THRIVE Bowen and Kwantlen Polytechnic team up to build more community greenhouses, more food resilience


THRIVE Bowen and Kwantlen Polytechnic Seek Local Support for Community Greenhouse Project

Eighteen months ago, the people of Bowen Island were confronted with a reality that was previously unimaginable: the continuous flow of food and other essentials, channeled through long supply chains from across the country. world, suddenly became unstable and uncertain.

From farm labor shortages to slaughterhouse closures, COVID-19 has interrupted global food sources, including ours. Local food production has grown from being a “good to have” status to an essential element of community and family resilience.

THRIVE Bowen shares the concerns of many other Islanders actively concerned about local food resilience. We are a dedicated group of Bowen residents with extensive local and global experience in sustainability, community economic development, regenerative economies, environmental strategies, and large initiatives large and small.

“How do we produce enough local food? Is a key issue for community and family resilience. We know that agricultural technologies, such as greenhouses, are essential for local food production all year round. What THRIVE wants to know is: Are community-owned commercial greenhouses viable on Bowen Island? Are they part of the solution?

In partnership with the Institute for Sustainable Food Systems at Kwantlen Polytechnic University, THRIVE Bowen wants to conduct a feasibility study for community-owned commercial greenhouses in Bowen. This analysis would confirm whether the greenhouses are viable here or not, and if they are, would pave the way for their realization. These analyzes will benefit you, your family and the entire community.

“It has become increasingly clear that our resilience is not only a good thing for Bowen, but that it is increasingly essential,” said Jae Mather, THRIVE Bowen co-founder and global expert in sustainable development. “Climate change is now starting to directly affect our island life and this is only the beginning. COVID-19 has highlighted the fragility of our society, our supply chains and has helped us focus on the sanctity of our native island.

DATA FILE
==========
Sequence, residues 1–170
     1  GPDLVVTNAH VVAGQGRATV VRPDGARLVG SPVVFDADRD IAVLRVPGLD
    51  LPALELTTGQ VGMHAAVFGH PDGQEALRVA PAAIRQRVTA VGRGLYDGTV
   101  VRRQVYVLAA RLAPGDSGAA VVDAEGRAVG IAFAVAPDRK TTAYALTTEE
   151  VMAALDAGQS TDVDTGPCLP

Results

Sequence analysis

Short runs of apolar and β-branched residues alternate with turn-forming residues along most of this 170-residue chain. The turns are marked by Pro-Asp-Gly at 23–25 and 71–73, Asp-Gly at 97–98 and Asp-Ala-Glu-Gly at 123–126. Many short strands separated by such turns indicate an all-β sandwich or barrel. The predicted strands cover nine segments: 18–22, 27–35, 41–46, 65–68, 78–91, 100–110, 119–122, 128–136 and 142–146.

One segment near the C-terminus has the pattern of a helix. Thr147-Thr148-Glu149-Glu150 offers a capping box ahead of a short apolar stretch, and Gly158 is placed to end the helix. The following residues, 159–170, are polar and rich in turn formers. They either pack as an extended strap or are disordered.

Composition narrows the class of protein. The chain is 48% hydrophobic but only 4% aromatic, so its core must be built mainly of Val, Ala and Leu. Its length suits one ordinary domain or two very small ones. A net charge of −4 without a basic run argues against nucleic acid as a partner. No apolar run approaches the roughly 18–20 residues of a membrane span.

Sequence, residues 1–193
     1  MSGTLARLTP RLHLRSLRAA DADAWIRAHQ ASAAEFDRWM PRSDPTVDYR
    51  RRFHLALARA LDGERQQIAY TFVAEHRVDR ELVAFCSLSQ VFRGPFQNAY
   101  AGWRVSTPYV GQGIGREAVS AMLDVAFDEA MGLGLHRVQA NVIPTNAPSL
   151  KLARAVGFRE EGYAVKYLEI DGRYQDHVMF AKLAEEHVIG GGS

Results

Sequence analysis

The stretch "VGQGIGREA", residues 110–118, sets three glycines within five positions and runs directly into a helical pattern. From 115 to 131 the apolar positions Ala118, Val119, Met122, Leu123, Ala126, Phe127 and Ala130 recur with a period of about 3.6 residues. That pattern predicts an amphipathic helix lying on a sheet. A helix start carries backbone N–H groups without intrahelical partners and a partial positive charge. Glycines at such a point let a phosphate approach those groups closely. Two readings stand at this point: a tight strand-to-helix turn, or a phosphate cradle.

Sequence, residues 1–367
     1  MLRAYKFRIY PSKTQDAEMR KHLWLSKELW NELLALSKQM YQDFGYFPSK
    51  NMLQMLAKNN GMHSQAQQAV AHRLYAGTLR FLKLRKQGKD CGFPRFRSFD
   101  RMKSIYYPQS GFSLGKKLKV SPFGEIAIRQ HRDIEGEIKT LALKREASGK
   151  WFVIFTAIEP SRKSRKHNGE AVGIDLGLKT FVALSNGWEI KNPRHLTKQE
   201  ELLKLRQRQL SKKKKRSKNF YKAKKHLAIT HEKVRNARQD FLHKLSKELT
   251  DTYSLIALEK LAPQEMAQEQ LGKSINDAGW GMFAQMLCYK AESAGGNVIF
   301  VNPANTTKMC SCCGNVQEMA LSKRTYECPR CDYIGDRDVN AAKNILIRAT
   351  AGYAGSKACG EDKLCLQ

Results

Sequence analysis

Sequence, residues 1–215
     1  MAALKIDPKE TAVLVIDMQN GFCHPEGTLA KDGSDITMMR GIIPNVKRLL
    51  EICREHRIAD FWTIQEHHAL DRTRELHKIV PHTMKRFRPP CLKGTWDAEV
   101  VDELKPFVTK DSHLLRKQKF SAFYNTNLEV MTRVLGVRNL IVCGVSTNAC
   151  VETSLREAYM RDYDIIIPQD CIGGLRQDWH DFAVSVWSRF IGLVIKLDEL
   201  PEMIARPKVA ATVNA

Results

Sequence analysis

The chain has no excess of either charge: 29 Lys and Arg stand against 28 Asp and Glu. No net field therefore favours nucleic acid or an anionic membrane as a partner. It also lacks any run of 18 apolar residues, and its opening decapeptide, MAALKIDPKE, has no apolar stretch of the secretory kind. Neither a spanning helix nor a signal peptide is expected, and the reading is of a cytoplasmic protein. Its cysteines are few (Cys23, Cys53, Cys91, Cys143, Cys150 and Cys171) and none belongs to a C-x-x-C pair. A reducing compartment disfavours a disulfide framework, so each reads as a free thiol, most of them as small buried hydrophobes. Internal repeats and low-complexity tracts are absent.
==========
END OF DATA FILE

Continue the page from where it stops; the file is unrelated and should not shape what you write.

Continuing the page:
“THRIVE is exactly the kind of effort we need to take a closer look at what’s possible on Bowen.”

But Bowen must act fast. Thanks to donors such as First Credit Union, Vancity and the Municipality of Bowen Island, THRIVE raised over $ 23,000 of its goal of $ 36,000.

“When we were approached by the developers of THRIVE Bowen about their plan to bring community-owned commercial greenhouses to the island, we were delighted to have the opportunity to support them,” said Kevin Manning , Director of the Bowen Island branch of First Credit Union. “Building on local initiatives like this, initiatives that create sustainability, food resilience and a healthier community, is possible because of the support we receive from our members on Bowen.

“We are delighted to redirect a portion of our profits back to the community in this way! “

Unless THRIVE can raise the remaining $ 13,000, Bowen will forgo an opportunity to help secure our food production and our future.

Can you help? Your donation is tax deductible through KPU. Register your commitment by emailing Sherri Magson, Director of Advancement at [email protected] Please include your full name and the amount of the pledged donation. Please also CC Caroline Chiu, project manager at [email protected]

The subject line should be “Commitment to Bowen Island KPU ISFS Research Project”.

When THRIVE reaches its goal of $ 36,000, KPU will convert your pledge and issue you a tax receipt.

Can you donate today? Each contribution benefits you, your loved ones, your neighbors and your Island. Give generously and make a difference in their future. They will thank you. THRIVE Bowen thanks you.


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